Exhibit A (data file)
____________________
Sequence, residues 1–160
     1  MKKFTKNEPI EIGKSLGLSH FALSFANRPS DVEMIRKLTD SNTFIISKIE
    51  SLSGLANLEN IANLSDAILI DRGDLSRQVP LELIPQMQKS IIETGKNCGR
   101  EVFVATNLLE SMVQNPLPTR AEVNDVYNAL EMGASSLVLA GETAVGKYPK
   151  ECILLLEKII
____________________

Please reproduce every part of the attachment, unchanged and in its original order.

Sequence, residues 1–160
     1  MKKFTKNEPI EIGKSLGLSH FALSFANRPS DVEMIRKLTD SNTFIISKIE
    51  SLSGLANLEN IANLSDAILI DRGDLSRQVP LELIPQMQKS IIETGKNCGR
   101  EVFVATNLLE SMVQNPLPTR AEVNDVYNAL EMGASSLVLA GETAVGKYPK
   151  ECILLLEKII